Know the factors affecting whether or not to replant.
By Dr. John P. Beasley, Jr.
Environmental conditions in the early part of the 2007 growing season were extremely undesirable for peanut planting, with the driest spring on record. Many producers had to decide whether or not to plant at all. Some producers decided to take their chances that conditions would improve.
While some areas of Georgia did receive sufficient rainfall to plant in early June, other areas, especially the southwest corner, never received adequate rainfall for planting. Some growers that planted had very minimal plant emergence.
The decision then became, “Do I replant?”
When this question arises and the decision is being made in mid-to late-June, there is a much higher risk that replanting that late will result in the crop not reaching optimal maturity.
The other situation is when planting occurs during the early to middle part of the planting window, and there is a marginal stand; then the decision to replant comes up.
Skips No More
Sometimes things go wrong, such as planters not calibrated correctly, planting too deep or too shallow, not enough soil moisture or cold soils. Peanut seed are among the most delicate seed to handle. Rough handling or exposing seed to extremely high temperatures can have an adverse effect on seedling vigor and emergence. Find out as much as possible about the seed you have purchased, including seed count per pound and germination percent.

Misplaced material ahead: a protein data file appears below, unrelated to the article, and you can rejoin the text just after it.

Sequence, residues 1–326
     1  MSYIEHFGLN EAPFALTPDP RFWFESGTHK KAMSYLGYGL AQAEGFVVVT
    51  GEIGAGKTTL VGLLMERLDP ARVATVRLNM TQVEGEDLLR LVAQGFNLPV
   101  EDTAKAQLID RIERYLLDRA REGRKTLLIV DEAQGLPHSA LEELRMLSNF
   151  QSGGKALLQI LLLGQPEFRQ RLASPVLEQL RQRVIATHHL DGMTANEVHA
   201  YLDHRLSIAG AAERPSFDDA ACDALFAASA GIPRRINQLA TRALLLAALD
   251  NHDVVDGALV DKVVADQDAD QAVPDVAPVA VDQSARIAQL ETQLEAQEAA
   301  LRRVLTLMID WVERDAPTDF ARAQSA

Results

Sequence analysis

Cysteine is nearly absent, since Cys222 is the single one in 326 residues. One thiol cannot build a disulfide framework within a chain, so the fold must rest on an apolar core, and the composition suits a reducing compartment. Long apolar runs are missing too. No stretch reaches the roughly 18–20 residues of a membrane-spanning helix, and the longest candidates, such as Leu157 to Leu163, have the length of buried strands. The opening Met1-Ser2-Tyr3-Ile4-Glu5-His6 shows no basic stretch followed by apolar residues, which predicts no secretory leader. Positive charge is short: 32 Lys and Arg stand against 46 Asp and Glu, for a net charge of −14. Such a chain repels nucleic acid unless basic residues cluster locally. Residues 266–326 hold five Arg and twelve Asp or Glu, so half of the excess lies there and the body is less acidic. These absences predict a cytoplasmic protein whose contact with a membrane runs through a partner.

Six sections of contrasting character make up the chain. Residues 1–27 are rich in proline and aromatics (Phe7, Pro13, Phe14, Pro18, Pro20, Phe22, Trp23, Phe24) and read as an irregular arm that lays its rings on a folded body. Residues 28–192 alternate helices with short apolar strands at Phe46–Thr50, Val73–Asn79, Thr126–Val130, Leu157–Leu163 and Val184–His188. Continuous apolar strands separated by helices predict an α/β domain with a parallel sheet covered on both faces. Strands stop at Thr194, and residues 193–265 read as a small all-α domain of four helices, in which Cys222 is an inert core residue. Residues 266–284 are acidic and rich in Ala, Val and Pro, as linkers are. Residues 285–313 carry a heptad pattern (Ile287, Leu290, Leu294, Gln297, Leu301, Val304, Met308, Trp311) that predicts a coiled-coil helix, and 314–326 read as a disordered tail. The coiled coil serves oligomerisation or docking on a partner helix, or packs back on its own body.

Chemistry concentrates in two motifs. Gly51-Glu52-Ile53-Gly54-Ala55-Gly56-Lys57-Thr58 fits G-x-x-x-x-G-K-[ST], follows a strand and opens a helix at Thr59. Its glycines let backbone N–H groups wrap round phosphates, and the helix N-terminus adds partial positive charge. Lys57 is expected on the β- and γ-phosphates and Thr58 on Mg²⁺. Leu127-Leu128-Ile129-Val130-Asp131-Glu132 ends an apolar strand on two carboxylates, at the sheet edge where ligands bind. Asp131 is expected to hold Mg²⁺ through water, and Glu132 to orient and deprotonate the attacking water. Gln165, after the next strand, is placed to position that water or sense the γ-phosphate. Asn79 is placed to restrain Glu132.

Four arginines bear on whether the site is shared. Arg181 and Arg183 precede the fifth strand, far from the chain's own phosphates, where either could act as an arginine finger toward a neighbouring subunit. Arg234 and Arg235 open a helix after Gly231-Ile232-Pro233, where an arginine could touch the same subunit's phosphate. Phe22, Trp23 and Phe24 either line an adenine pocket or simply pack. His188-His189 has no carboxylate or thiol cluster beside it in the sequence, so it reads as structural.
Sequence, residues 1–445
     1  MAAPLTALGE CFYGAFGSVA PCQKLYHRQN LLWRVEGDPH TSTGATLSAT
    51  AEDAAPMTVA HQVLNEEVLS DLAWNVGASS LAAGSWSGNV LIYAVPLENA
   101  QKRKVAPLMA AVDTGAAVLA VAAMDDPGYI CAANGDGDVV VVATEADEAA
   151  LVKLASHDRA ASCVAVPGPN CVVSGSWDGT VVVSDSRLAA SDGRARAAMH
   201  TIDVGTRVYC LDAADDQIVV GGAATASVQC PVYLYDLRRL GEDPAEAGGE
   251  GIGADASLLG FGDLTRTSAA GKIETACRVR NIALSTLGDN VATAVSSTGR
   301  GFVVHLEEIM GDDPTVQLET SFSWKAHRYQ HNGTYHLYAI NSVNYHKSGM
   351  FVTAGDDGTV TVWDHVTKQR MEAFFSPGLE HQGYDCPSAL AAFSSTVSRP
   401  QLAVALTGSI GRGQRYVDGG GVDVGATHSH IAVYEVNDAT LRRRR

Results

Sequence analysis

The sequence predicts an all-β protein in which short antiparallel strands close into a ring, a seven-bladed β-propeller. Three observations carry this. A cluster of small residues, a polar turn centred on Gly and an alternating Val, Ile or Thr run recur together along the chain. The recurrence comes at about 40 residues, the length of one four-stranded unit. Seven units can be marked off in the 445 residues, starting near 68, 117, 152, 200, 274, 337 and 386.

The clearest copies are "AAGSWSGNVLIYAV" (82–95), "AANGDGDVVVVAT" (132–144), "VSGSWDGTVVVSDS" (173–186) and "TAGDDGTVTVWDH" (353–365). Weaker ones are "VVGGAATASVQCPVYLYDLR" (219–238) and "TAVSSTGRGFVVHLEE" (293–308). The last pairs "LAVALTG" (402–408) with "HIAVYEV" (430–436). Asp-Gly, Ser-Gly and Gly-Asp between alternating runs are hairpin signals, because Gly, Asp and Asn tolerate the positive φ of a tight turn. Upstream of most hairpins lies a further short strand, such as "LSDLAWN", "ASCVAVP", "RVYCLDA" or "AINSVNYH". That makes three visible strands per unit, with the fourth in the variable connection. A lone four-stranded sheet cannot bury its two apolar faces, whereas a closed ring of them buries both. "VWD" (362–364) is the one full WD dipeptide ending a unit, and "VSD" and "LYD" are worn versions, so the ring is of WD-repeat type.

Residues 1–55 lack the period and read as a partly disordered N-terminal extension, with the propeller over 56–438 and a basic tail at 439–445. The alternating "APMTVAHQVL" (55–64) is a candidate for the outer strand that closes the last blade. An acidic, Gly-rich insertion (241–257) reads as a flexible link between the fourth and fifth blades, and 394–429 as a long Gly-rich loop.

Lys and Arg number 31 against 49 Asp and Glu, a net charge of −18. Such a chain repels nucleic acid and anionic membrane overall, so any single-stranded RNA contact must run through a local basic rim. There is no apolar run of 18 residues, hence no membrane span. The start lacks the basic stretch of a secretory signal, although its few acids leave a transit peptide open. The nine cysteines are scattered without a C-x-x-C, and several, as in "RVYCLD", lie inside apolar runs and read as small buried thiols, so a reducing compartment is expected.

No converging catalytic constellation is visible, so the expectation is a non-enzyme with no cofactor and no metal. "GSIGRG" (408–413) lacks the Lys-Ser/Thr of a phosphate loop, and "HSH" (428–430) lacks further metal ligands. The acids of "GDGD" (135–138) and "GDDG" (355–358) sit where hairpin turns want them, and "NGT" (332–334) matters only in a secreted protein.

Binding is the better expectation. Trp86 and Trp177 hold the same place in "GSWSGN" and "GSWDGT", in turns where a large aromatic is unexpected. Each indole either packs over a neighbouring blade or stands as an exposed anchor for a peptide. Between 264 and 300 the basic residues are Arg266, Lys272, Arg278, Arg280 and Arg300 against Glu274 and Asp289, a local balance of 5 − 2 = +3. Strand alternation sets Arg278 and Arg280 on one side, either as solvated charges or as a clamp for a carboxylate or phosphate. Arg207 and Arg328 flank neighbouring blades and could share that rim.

On occasion, there may be a seed quality problem. You should save an unopened bag from each lot of seed you have planted until the end of the planting season. If there is a question on seed quality, this may help.
Finding Optimum Maturity Difficult
Replanting, in part, is not a complete solution to a problem, but hopefully an adequate management decision. The University of Georgia Extension Service recommendation is to offset planters 2 to 3 inches to the side of the existing row and replant with 40 to 50 pounds of seed per acre.
Replanting in the existing row is not recommended because the same problems may occur again with Aspergillus crown rot or Rhizoctonia seedling disease.
In general, replanting a shorter-maturing variety with an already emerged mid- or late-maturing variety is not acceptable. Too many environmental factors come into play to predict the outcome of this practice.
Normally, it will be extremely difficult to determine optimum maturity for harvest when there has been a replant situation, resulting in significant yield and grade loss. The more expensive, but more reliable option would be to rework the beds and completely replant the field. This practice would depend on the initial planting date and moisture availability.
Bottom line – do everything possible to avoid replanting peanuts.